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Collaboration between Lancaster University and the BBC has seen a residential area in Lancaster sprout roadside foliage in order quite literally to clear the air.
Following an experiment by Professor Barbara Maher, of the university’s Centre for Environmental Magnetism and Paleomagnetism, into the improvement in levels of air pollution as a result of trees placed along the A6 last summer, the BBC instigated collaboration on the pioneering research. Four households on South Road, in Lancaster city centre, allowed a row or thirty potted birch trees to be placed directly outside their doors for the fortnight-long experiment. A further four households were used as control subjects and did not have any trees placed outside.
The project is for a BBC2 science health programme, which is to be aired as part of a series this autumn. The work undertaken by Professor Maher aims to investigate whether trees can help reduce the levels of air pollution infiltrating a residence by intercepting the minute particles – or ‘particulates’ – of pollution emitted from nearby traffic. The project builds upon dissertation work conducted by student Rob Clarke, who is also assisting in the undertaking.
As a section of the busy A6 thoroughfare, South Road sees a heavy volume of traffic flow into and out of Lancaster every day – especially during peak times such as the pre- and post-work rush hours. Residents living in this area may find the evidence that their exposure to harmful pollution can be reduced simply by installing a ‘shrubbery shield’ to be reassuring.
One participant in the experiment, Danny Rurlander, said: “We’ve lived here for eight years and have been more worried about the noise – I’ve never thought about pollution.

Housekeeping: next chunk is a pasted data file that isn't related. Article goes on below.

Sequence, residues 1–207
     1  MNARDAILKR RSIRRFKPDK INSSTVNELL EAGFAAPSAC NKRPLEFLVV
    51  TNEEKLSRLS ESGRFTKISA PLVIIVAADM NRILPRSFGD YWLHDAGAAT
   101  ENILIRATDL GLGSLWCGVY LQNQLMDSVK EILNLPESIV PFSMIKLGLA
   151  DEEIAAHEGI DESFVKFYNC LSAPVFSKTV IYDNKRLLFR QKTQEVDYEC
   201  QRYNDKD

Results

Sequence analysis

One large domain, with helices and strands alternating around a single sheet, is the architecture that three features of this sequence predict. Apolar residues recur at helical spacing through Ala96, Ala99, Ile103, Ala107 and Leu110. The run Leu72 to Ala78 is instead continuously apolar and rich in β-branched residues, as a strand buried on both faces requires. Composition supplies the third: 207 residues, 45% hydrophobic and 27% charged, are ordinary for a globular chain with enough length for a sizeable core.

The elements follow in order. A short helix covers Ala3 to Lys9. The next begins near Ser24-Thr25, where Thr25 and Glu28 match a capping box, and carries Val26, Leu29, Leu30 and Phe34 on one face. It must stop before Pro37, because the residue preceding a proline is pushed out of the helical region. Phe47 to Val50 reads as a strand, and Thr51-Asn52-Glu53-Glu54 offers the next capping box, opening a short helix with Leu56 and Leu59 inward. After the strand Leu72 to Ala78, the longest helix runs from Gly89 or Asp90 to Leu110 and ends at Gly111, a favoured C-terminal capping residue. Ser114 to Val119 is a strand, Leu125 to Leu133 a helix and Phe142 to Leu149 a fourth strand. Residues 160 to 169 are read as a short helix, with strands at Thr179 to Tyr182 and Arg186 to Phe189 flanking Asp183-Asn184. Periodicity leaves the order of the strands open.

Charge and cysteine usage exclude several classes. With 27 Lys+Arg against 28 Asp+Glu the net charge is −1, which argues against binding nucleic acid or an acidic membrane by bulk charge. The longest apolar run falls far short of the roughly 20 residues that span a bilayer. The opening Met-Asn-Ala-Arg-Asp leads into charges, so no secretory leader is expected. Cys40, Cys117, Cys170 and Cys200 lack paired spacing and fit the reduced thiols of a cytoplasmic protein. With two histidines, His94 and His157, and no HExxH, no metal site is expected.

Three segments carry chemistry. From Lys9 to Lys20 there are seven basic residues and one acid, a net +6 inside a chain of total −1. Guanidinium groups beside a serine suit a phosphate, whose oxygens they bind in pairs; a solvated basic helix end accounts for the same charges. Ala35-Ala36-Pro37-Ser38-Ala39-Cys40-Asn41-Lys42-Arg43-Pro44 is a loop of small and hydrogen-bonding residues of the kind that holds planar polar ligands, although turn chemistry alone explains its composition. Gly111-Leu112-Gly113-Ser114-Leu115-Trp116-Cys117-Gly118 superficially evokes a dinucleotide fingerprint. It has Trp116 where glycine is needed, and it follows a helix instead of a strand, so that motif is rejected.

“But I work in my front room and am now wondering what I’ve been breathing in.”
Levels of particulate pollution were measured by comparing dust particles on television screens in both groups of houses: those with and those without trees on the doorstep.
Professor Maher hopes the results to have a far-reaching positive impact on people’s exposure to harmful particulate pollution, though she also made clear the increase in interior pollution levels caused by other factors such as smoking and cooking fatty foods. Likewise, particulate levels in the exterior environment will be influenced by weather conditions and the time of day. Rain may wash particulates away, whilst heavy volumes of traffic at peak travel times will cause higher levels to accumulate.
In correspondence with SCAN, Professor Maher stated that a key aim is “to get some new data on how effective tree leaves can be in reducing particulate concentrations both outdoors and inside people’s homes”. She added that “there’s some debate to be had on this, and we’re keen to pin down some policy-useful information on this asap”.
The researchers of Lancaster’s Centre for are keen to investigate and resolve “real-world problems”. As Maher explained, “[O]ur magnetic analyses provide a new, very sensitive and cost-effective way of tracing the sources and movements of particles (whether natural or anthropogenic) through the environment.
“It’s good that the BBC is taking the time and effort to raise awareness of the health impacts of exposure to particulate pollution. […]Doing an experiment in such a public way, and getting dates when everyone – and the tree leaves – are ready, are among the more challenging things about working with the BBC.”